About Author: Nick Santangelo

Description
Nick has been a gamer since the 8-bit days and has been reporting on the games industry since 2011. He is not to be interrupted while questing his way through an RPG or desperately clinging to hope against all reason that his Philly sports teams will win any given game he may be watching. Find Nick Santangelo on Google+ and Twitter.

Posts by Nick Santangelo

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Explore Below on Xbox One in 2015; here’s a new trailer

Below for Xbox One

Capy Games’ Below will be releasing on Xbox One at some point in 2015, Joystiq reports. ID@Xbox Director Chris Charla made the announcement at Gamescom yesterday during Microsoft’s media presentation.

Coinciding with the news, Capy unveiled a new trailer for the game it has described as a “roguelike-like.” The video, which you can catch after the jump, shows off some exploration of the enormous underground cave in which Below is set. It also shows the massive shadow of what is presumably a boss monster towering over the protagonist before fading out to black.

For more on Capy Games’ Below, check out XBLA Fans’ impressions of the game from PAX East earlier this year.

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Toy Soldiers: War Chest coming from Signal Studios and Ubisoft

The next game in the Toy Soldiers franchise is in development for Xbox One and is being published by Ubisoft instead of Microsoft, which published the previous games in the series, developer Signal Studios announced today. Toy Soldiers: War Chest will arrive in early 2015 and will feature “four diverse armies.”

The Kaiser-led German Empire forces will return to the series complete with new troops, weapons and turrets. Making its first appearance in Toy Soldiers will be Starbright’s army of unicorn steeds, pixies, flying Pegasus and laser-shooting teddy bears. Signal will not reveal what the other two armies are until closer to War Chest‘s launch.

Since Toy Soldiers is moving away from Microsoft and into Ubisoft’s hands, this sequel will be available on the PlayStation 4 in addition to the Xbox One. Signal founder D.R. Albright III called the developer’s partnership with Ubisoft “an opportunity to create the Toy Soldiers game we had always envisioned.”

War Chest is being billed as “the most expansive” game in the franchise. Additional turrets, turret upgrades, barrages, new game modes and an expanded multiplayer and cooperative mode are all planned for the release. Each of the game’s armies will also have unique arsenal and vehicle sets, which Signal promises will keep the gameplay diversified.

“Toy Soldiers is a unique blend of tower defense and strategy,” said Ubisoft Vice President of Digital Publishing Chris Early,” and Toy Soldiers: War Chest makes the toy box eternal, letting gamers face off against rival toys and friends to determine which army will reign victorious.”

Source: Signal Studios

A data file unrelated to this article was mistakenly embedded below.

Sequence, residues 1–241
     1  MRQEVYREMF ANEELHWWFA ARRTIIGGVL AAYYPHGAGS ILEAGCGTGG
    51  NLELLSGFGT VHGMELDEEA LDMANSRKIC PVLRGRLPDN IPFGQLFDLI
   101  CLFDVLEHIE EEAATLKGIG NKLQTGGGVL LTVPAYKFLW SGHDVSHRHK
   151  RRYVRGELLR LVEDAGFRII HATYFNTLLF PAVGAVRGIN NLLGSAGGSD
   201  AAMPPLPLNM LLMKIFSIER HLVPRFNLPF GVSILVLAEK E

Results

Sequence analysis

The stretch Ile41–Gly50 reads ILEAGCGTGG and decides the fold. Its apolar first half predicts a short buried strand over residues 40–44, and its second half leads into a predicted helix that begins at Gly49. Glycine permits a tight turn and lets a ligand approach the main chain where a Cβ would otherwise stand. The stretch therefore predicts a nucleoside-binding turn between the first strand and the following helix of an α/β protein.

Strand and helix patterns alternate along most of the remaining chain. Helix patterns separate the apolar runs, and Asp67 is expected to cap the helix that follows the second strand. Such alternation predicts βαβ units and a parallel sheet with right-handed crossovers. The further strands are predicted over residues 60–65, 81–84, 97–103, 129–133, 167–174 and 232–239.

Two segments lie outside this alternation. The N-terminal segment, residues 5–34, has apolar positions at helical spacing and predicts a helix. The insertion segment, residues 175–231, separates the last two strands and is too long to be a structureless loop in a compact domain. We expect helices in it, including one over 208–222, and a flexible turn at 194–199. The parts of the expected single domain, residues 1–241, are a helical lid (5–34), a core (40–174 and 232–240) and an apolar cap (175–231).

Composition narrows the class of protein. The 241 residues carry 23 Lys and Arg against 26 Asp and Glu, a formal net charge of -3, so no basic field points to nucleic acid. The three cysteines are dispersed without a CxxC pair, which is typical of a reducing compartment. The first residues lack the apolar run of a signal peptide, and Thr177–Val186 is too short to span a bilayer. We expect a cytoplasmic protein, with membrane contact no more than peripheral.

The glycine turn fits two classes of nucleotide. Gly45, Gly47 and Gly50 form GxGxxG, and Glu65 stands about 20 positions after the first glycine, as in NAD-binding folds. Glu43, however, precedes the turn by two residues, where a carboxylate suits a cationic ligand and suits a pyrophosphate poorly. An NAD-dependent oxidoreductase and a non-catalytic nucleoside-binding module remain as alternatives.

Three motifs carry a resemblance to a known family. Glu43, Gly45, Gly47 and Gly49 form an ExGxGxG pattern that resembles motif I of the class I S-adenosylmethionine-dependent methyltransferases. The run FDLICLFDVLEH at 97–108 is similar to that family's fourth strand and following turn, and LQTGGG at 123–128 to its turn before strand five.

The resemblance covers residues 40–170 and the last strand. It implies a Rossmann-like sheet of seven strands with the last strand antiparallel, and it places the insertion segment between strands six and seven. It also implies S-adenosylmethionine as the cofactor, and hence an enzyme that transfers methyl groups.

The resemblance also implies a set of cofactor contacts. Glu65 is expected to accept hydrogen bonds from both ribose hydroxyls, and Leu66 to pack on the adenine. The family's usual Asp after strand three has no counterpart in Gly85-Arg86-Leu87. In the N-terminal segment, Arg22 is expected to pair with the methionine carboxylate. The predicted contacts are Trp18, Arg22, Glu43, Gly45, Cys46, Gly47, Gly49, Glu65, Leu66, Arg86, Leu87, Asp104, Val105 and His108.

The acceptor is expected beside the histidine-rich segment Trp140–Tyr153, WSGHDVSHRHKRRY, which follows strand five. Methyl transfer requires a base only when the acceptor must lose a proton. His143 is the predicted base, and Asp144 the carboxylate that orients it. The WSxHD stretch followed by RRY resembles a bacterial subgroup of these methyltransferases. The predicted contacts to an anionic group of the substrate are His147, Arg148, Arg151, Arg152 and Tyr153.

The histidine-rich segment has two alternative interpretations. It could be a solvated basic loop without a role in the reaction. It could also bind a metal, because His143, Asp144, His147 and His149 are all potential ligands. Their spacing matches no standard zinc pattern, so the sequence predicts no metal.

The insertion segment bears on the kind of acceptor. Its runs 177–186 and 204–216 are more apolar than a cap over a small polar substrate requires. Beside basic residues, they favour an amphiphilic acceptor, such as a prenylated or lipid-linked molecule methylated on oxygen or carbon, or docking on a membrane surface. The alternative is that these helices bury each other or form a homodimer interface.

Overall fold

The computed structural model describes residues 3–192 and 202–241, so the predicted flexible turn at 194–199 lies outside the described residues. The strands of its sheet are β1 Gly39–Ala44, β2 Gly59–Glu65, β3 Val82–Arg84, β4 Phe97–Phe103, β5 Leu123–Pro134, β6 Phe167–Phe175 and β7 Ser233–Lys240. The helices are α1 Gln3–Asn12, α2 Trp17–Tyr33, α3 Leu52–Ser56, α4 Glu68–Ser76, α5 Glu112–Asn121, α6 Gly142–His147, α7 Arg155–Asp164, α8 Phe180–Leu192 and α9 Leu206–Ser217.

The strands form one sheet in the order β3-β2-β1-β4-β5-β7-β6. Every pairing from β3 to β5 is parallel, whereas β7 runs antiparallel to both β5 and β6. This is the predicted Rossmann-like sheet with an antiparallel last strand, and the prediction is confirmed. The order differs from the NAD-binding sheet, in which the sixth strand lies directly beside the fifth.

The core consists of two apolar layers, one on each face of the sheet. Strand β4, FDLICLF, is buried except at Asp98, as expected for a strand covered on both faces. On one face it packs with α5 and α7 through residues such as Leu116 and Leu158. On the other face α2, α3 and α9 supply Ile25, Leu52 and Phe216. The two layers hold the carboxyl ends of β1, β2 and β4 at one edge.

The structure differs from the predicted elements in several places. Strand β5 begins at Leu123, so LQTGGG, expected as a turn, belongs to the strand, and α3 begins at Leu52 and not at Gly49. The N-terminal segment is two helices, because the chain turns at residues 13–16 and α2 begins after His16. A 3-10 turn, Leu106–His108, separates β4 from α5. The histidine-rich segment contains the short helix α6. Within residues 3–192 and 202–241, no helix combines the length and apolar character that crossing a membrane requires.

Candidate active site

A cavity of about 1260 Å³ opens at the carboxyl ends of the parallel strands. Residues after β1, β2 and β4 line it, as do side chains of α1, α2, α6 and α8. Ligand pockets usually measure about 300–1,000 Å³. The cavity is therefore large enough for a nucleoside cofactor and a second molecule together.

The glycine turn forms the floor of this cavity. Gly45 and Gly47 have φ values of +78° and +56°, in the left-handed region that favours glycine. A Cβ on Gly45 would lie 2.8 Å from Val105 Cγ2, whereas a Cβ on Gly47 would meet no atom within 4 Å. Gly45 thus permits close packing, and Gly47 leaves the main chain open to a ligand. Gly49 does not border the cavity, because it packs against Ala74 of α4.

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Resident Evil is being remade for Xbox 360 and Xbox One

Resident Evil Xbox One

Resident Evil will shamble its way onto Xbox 360 and Xbox One in North America and Europe in early 2015, Capcom announced yesterday. Though the seminal survival-horror title was first released in 1996 for the original PlayStation, it’s the remade 2002 GameCube version that is itself being remade this time around.

The 2002 version of the game that landed on Nintendo’s indigo-colored gaming console featured updated graphics, gameplay, narrative bits and environments. Now that twice as much time has passed since the amount of time between the original release and its first remake, Capcom has decided to once again overhaul Resident Evil. Next-gen console versions of the 2015 revision will feature 1080p resolution, 5.1 surround sound and the ability to switch between 4:3 and 16:9 aspect ratios.

Players will also be able to choose between two different control schemes: Resident Evil‘s much-maligned “tank controls” of yesteryear and a modernized setup. Capcom describes the newer option as one in which “the character moves directly in the direction of the analogue stick.” In other words, it will be exactly like almost every other 3D game released today.

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Happion Labs: Releasing an ID@Xbox game costs around $5,000

Sixty Second Shooter Prime

It’s possible for a budget-conscious independent game developer to get its game on Xbox One for a bit more than $5,000 if the developer is willing to stick to the budget laid out by Happion Labs, whose founder described himself in a blog post as “one of the cheapest developers I know.”

In the post, Happion founder Jamie Fristrom said that releasing his first ID@Xbox game, Sixty Second Shooter Prime, set the studio back a grand total of $5,143. The most expensive two line items were ratings board certifications and Errors and Omissions (E&O) Insurance.

“Microsoft requires this; it’s in the contract,” Fristrom wrote. “And it’s not just any E&O Insurance – it has to cover IP and copyright violations, so the cheap E&O Insurance you can easily find online doesn’t qualify. I went through an insurance broker (Parker, Smith, and Feek) and found the cheapest insurance that would qualify.”